The innocents

Let this painful week belong not to the killer, but to the victims and their common cause: Education of the young.

Connecticut has shown us cruelty incarnate. In coming days and weeks, we'll all learn where public attention, public opinion, focuses.

Regrettably, we suspect it will focus less on the innocents than on their killer.

By the tenets of amateur psychology, the explanation of his deranged behavior ought to be recoverable from the sorry details of his life:

.When and why did this particular man unravel?

.What urge convinced him to submit, what injustice did he think he would avenge?

.How, pray tell, could a 20-year-old convince himself not only to slaughter his mother, but to destroy so many fledgling lives?

We would love to report that knowing these answers would help craft better laws, or somehow prevent another massacre. But as the recurrence of these senseless cases attests, that quest is a triumph of hope over experience: As a society we have tried many times to parlay lessons of these tragedies into public policies that would stop the next madman. Hasn't worked. What we've learned time and again is that there's folly in trying to explain the inexplicable.

That doesn't, though, leave America helpless.

What all of us can do right now is focus on the stories of these lives cut short. We can be inspired by the simplicity of the children, and the service of the educators who died trying to protect them. We can rededicate ourselves to the cause that united both groups - education of the young - and trust that education someday may bring the peace that legislation and public fury have not. We say this not in surrender to the murderers, but with faith that there must be a way to pre-empt their inhumanities. Education and its progeny, empathy and uplift, may succeed where all else has failed.

No words are sufficient to adequately grieve the loss of Newtown's children and adults. They truly are innocents - separated only by geography and circumstance from other innocents systematically slain on the streets of Chicago and other communities across the land.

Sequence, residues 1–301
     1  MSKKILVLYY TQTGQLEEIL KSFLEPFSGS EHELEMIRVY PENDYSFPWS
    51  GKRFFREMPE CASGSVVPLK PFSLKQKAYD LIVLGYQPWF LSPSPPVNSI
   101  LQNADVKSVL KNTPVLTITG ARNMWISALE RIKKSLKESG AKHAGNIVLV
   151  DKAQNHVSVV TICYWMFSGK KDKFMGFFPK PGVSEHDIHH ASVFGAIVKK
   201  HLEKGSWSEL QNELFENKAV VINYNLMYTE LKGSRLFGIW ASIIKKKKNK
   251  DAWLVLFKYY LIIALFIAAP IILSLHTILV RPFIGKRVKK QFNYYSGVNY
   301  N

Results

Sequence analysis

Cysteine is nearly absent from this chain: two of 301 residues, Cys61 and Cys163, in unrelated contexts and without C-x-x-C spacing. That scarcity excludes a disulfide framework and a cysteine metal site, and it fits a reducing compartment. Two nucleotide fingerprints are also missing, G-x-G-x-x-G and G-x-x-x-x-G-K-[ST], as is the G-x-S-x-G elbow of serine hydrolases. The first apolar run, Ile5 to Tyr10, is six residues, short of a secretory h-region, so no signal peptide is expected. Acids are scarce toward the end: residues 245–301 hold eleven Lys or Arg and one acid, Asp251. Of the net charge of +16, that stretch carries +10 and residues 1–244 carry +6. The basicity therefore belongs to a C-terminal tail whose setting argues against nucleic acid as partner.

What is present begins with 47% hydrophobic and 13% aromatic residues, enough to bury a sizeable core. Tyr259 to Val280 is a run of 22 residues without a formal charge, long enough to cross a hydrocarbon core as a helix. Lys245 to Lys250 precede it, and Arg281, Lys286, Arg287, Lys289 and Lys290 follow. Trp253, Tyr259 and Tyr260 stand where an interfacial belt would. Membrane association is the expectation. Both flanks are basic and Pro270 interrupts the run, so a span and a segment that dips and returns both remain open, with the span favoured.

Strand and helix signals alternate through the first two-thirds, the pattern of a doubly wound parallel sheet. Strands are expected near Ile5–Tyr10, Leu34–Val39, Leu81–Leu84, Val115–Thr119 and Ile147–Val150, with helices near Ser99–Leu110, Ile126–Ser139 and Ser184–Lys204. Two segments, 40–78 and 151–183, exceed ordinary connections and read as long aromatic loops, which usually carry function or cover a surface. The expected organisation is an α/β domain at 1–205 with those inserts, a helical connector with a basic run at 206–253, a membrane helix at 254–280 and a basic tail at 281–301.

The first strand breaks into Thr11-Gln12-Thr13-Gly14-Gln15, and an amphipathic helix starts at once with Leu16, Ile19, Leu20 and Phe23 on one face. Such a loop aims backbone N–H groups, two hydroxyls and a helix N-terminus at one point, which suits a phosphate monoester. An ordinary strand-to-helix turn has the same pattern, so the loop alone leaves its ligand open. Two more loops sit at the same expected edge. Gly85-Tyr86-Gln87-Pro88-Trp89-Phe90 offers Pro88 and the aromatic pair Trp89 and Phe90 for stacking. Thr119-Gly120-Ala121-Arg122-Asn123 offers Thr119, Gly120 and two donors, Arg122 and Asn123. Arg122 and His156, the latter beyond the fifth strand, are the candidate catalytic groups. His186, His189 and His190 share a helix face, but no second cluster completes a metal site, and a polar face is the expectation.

The more we dwell on the innocents, on promising lives extinguished, the more we cheat the killers. The Connecticut slayer's demons, whatever the explanation, are no excuse: Many people suffer terrible temptations yet overcome them. Many people are angry at themselves, their deity and nearly everyone in between, yet never would resolve their own sense of victimhood by making others their victims.

This killer, like many before him, takes to his grave the demented logic of his painstaking plot. He knew what all of us know in this open society: No matter the extent of safety precautions, no matter the monitoring of building entrances, schools make soft targets. Their culture wants to welcome, not to distrust. Hurt a school and you hurt us all.

It's a leap of faith, this daily journey of the innocents to schools. The partings, child from parent, evoke an awful question: Is this our last goodbye?

Usually that's a question pushed to the back of our minds. Not so in the next few days. But as we cherish what we have, we also can look further afield: Other planned school assaults have been prevented because someone - a classmate, a parent, a teacher - took notice of an acquaintance's mind spinning out of control and reported it.

As this painful week unfolds, we can let it belong not to the killer, but to victims we mourn, and admire, and keep alive in our thoughts.

We can hug the people we love a little tighter.

And those of us with children can steel ourselves to our next leap of faith.